Designing for the future: trends we need to consider now

We live in interesting times. This goes for technological development, societal currents, politics… more or less everything seems to be coming loose, floating weightlessly, hovering without any clear direction. Design is no exception to it. So, as curiously enough I was invited to participate in the Design Blogger Competition organized by CGTrader, I’ll use the chance to throw in my two cents. My bias is clear – I love paper, I love handmade things and I’m bored stiff with the current trendy web design. Luckily there seem to be promising times ahead.

It seems to me that there are three main design currents at the moment gathering strength.

First of them is the return of the handmade. The slick perfection of vector lines and the cold clinical minimalism are getting boring. We’ve seen them over and over again and now we want something real, warm and human. Imperfect even. So there’s an increasing amount of hand-drawn textures being used to make web design look like something hand-made, edges are left uneven, color overlaps unfixed, mistakes are made on purpose. Hand-made infographics are used to show statistics, hand-drawn illustrations and comics to humanize the legalese of official documents. Stop-motion and claymation have and will continue to have a steady niche.

Second is an increased focus on tactility. This one I’d predict mostly for books and stationery. As a paper-lover, I’m well aware there might be a degree of wishful thinking in it, but I believe that there’s a momentum to it. Paper goods will become even more luxurious and offer the buyers something that the web cannot – tactility. Printed books will start to regain their status as beautiful objects of desire and works of art, embellished by quality materials and luxury techniques like embossing. Steve Jobs understood this aspect well in his time, deliberately designing Apple products to be nice to touch and hold. However, this would apply for hardback special editions, not all books.  Popular paperbacks will probably still struggle against digital versions.

Third is a desire for authenticity that is starting to tear away at the superficial perfection of the modern web design. In a way it’s the underlying reason for the two previous ones. We want something raw, something real, unadorned. Thanks to the current canon of good web design and readily available templates most websites look interchangeable, more or less the same with the same stock photos, same layout, similar writing style. I believe that web design will see a phenomenon akin to Dogma movement in filmmaking, one that will concentrate on the pure essence of information and strip away everything besides bare necessities.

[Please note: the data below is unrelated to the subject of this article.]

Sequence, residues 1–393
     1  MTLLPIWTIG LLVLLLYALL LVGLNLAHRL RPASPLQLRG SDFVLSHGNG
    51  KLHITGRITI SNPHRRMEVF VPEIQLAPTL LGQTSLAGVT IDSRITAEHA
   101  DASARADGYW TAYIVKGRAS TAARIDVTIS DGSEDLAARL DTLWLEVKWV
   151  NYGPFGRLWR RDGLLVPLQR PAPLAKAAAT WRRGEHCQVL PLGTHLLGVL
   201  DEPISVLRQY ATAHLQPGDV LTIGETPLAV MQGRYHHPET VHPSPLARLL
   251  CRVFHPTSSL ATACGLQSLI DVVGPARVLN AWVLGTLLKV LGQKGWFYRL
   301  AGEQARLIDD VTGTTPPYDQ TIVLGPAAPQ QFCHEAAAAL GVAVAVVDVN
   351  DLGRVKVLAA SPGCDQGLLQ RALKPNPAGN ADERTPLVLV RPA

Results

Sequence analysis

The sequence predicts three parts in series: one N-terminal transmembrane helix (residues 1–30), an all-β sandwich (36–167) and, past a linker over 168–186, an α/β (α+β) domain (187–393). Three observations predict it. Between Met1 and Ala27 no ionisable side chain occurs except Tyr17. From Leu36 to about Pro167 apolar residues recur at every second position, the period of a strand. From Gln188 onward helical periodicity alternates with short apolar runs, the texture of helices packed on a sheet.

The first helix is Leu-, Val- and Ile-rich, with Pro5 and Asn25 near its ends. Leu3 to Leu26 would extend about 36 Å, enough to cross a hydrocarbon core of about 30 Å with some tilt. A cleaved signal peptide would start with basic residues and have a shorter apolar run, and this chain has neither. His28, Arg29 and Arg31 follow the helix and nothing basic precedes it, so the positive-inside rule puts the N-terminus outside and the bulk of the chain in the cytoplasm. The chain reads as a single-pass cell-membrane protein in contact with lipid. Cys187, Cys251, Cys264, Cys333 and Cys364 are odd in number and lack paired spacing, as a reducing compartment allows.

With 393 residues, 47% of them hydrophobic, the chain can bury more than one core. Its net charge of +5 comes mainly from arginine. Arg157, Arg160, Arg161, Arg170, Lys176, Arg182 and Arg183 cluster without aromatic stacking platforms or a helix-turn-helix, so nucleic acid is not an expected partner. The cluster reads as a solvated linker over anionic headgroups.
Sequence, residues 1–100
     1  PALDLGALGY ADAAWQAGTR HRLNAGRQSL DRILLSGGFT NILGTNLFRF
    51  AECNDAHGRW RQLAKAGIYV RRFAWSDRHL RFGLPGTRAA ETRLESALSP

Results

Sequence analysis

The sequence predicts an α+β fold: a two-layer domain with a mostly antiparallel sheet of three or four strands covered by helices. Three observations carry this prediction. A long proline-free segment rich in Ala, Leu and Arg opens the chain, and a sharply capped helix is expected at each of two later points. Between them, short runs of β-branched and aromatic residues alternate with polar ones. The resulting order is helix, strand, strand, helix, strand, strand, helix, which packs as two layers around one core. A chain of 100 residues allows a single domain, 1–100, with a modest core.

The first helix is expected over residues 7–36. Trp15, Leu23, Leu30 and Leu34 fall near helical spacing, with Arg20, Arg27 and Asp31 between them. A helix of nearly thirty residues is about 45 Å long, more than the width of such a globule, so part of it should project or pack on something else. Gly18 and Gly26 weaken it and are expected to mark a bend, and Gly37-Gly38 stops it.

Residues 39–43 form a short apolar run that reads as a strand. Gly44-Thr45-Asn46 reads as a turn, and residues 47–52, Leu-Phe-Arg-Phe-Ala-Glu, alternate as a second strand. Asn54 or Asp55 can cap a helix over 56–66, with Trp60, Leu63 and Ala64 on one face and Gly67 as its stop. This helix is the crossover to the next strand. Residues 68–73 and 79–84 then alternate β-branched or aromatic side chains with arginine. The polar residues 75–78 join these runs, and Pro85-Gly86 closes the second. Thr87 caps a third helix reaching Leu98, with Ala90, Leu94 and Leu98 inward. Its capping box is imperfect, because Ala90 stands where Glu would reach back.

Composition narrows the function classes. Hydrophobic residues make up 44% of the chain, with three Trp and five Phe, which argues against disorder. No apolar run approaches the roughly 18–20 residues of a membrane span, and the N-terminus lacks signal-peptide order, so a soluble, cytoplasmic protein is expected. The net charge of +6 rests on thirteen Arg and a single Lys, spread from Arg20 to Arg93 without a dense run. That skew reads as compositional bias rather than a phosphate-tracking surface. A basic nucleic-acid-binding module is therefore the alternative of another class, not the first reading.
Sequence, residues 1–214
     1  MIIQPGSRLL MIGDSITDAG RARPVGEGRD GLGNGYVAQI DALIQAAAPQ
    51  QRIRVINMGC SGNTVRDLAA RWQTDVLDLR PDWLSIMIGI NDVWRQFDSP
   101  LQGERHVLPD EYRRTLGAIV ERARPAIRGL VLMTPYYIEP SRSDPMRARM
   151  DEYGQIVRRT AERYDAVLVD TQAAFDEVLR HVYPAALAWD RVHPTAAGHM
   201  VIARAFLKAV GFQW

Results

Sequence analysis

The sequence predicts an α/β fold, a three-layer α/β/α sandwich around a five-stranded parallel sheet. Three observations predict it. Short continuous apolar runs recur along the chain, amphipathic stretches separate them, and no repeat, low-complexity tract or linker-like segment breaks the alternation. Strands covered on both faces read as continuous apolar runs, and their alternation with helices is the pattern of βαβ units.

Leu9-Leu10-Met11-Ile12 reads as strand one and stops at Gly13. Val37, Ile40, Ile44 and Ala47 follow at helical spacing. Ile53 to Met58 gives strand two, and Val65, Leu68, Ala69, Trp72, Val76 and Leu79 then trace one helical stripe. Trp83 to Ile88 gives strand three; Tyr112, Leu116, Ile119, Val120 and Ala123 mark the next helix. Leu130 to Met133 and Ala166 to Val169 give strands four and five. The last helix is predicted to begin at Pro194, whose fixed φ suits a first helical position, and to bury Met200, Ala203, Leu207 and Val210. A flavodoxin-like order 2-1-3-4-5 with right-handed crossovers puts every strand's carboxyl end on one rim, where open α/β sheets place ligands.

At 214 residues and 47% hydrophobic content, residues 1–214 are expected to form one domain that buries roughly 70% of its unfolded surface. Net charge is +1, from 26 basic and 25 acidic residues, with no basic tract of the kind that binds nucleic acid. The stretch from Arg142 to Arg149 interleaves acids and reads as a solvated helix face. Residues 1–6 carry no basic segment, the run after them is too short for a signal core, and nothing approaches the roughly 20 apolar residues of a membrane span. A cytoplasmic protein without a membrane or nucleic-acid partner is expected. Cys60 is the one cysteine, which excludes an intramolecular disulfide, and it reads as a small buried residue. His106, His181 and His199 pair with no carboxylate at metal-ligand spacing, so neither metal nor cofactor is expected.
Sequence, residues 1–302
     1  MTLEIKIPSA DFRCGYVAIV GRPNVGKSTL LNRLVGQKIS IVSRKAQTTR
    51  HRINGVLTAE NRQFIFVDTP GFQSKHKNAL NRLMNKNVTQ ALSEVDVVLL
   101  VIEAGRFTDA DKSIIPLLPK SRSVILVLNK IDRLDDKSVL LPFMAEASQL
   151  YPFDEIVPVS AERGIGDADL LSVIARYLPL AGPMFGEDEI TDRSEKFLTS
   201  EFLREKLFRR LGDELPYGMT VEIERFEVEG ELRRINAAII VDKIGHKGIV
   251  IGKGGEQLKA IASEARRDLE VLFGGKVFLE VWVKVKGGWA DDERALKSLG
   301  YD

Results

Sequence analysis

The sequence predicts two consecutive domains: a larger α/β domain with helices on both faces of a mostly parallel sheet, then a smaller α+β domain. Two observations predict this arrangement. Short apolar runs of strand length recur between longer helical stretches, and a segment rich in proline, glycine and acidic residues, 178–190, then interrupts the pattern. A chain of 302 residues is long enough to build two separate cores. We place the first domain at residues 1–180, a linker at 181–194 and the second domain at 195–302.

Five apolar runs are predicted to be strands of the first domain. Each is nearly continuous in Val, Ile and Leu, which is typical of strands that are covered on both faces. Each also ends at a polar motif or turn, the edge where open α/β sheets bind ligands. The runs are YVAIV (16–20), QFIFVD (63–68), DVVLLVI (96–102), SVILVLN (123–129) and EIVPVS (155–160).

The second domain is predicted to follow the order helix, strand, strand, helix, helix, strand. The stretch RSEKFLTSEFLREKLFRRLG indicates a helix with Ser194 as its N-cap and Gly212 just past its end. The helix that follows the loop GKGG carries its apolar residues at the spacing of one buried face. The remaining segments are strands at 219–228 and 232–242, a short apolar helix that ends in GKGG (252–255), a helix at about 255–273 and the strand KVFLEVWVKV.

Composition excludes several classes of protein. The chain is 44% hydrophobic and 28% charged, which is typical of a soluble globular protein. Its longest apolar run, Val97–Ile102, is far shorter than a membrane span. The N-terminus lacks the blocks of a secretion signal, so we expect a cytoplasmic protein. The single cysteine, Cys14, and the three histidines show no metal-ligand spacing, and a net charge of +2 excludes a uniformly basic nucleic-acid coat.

*As already noted above, this blog post is a part of Design Blogger Competition organized by CGTrader.

How it all began

Found my old blog from 2011, only thanks to the fact that I had saved a link to it on So, as the questions I set out to ponder back then still interest me, I’ll reblog the existing posts to my current blog and hopefully continue.


The thought of writing a blog about digital history has been lurking in my mind for some time, however, procrastination got the best of me in terms of finally starting it. There was always something more urgent to do whenever I sat down to open WordPress and write the first post – mail to be answered, pictures to be reposted, news to be read, you name it.

Why did I decide to start a blog about digital history? The main reason actually dates back to Wikileaks and the CableGate. On January 8th, one of Denmark’s largest newspapers, Politiken, published an article about CableGate and added a link to a selection of cables that the readers could access. Reading this article made me think – this material would be gold for future historians. However, how could they actually find it? What are the chances that the link would still work in…

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